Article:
- E-commerce grew rapidly during the pandemic and continues to be a significant factor influencing growing interest in warehouse technology and automation.
- E-commerce warehouses require more workers than traditional warehouses, which increases labor demand and puts upward pressure on wage rates across the industry. Warehouses now spend more on labor than ever.
- Many warehouses are operating at or near capacity, and vacancy rates are low.
- Supply chain and labor market disruptions caused by COVID-19 increased interest in the adoption of new technologies in warehouses; the pandemic accelerated preexisting dynamics driving technology adoption in warehousing.
- Despite interest in new technologies, warehouse operators focused on immediate operational challenges and largely relied on labor strategies to deal with pandemic-related uncertainty rather than making major investments in technology.
- During the pandemic, warehouse operators examined and optimized technologies already in use—especially software systems—and made modest investments in scalable technologies.
- Just as the COVID-19 pandemic led to increased order volumes, third-party logistics firms (3PLs) providing warehousing services also experienced expanded business opportunities. However, 3PLs continue to face disincentives to technology investment that are unique to the outsourcing relationship: namely, short-term contracts and low profit margins.
In “The Future of Warehouse Work: Technological Change in the U.S. Logistics Industry” (Gutelius & Theodore 2019), we examined trends in the adoption of warehouse technologies and their potential impacts on both the content and organization of work. The report identified leading industry-wide factors that spur warehouse operators to invest in new technologies: (a) the rise of e-commerce and the market dominance of Amazon, both of which have made hiring and retaining a workforce especially challenging; (b) increasing throughput requirements, which have pushed warehouse operators to seek greater speed and efficiencies; and (c) rising real estate costs, which have heightened cost pressures in an already margin-sensitive sector. Together, these factors have prompted many warehouse operators to investigate whether technological advances can help ease labor shortages, manage demands for greater throughput, and mitigate rising operational costs.
Our earlier report was published in the fall of 2019. During the first month of the new year, the World Health Organization declared the COVID-19 virus a global health emergency, and by March of 2020 the world was plunged into a full-blown pandemic. Warehouses, previously seen as unremarkable components of the system of goods movement, were thrust into the spotlight by changes in consumer shopping patterns brought on by widespread stay-at-home orders, supply interruptions, and shipping delays. As e-commerce sales skyrocketed—increasing as much in the early weeks of the pandemic as in the entire previous decade (Kohli et al. 2020)—warehouses emerged as vital infrastructure for the economy.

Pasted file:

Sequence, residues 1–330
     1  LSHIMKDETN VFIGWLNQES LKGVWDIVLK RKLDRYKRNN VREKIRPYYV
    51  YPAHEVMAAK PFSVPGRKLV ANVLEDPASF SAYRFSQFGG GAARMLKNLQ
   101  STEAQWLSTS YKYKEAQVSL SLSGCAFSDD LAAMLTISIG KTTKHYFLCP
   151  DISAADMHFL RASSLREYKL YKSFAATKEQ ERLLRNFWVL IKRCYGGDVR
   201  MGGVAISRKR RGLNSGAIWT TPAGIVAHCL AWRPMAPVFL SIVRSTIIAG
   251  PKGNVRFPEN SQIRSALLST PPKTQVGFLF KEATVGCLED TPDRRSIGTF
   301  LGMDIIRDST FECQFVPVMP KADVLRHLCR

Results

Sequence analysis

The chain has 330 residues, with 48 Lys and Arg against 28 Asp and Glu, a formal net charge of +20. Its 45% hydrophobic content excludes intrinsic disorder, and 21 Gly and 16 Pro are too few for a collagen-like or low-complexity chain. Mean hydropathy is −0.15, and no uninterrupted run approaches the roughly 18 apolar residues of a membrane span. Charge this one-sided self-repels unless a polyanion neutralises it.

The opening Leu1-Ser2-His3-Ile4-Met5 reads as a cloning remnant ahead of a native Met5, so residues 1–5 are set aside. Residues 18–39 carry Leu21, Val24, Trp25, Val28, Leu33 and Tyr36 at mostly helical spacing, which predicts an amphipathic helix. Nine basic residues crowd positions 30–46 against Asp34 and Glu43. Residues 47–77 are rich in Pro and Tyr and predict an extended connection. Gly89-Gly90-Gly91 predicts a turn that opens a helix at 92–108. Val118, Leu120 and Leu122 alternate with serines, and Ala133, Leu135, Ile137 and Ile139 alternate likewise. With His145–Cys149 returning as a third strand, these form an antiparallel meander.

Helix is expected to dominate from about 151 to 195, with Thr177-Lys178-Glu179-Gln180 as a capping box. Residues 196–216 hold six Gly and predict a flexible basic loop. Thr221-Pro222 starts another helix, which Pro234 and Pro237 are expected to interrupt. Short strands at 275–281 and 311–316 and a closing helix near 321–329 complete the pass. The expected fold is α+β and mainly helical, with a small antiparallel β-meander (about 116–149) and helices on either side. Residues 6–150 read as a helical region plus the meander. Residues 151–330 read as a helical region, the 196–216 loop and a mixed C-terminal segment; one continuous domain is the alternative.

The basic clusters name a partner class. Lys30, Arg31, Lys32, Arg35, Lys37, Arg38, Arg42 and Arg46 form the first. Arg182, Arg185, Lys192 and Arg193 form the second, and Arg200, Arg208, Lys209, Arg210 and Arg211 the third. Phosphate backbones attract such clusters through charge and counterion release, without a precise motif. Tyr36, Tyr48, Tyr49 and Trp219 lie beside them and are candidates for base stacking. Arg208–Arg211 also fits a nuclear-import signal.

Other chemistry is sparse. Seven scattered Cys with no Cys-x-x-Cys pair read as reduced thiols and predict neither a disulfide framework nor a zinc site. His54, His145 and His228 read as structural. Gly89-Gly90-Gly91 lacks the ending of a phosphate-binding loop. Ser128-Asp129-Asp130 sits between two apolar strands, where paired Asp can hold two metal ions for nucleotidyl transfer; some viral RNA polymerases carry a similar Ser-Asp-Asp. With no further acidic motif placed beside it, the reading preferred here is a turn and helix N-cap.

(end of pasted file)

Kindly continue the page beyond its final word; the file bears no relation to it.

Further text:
Even before the pandemic, mounting market pressures had convinced most warehouse managers that their future profitability lies in keeping pace with technological change. At the same time, however, our research has suggested that the very structure of the warehousing industry imposes impediments to investments in new technologies which in turn has led to an overall sluggish rate of technology adoption. In this research brief, we reconsider the operating environment for warehouses in the context of the COVID-19 pandemic. We argue that while the industry encountered a common set of factors during the pandemic, third-party logistics firms (3PLs) that provide outsourced warehousing operations to shippers faced unique challenges due to their positioning along supply chains. As a result of this positioning and the constraints it imposes, 3PLs have been especially challenged when it comes to making significant investments in cutting-edge technologies.
The pandemic’s myriad effects on the U.S. economy will be the subject of research and attention for many years to come. In this report, we delve into some of the pandemic’s impacts by focusing on one question: How did the COVID-19 pandemic affect technology adoption in U.S. warehouses? We update our earlier analysis of industry change, and present new findings about technology uptake among 3PLs. Data are drawn from a program of interviews undertaken between 2020 and 2022 as well as attendance at industry conferences. Semi-structured interviews were conducted via Zoom with 45 warehouse operators and industry experts. The conference proceedings are drawn from four events comprising 84 individuals in 35 sessions. Other key sources include government data, industry reports, and trade publications.
In Section 2, we re-examine the factors we identified in 2019 to be central to understanding change in warehouse technology adoption. Section 3 explores three emerging themes in technological change across the industry, including dynamics that are unique to the 3PL segment of warehousing, while emerging technology trends are covered in Section 4. Section 5 considers the impacts of technology adoption on frontline workers. We conclude in Section 6 with thoughts about the trajectory of technological change in the wake of the COVID-19 pandemic.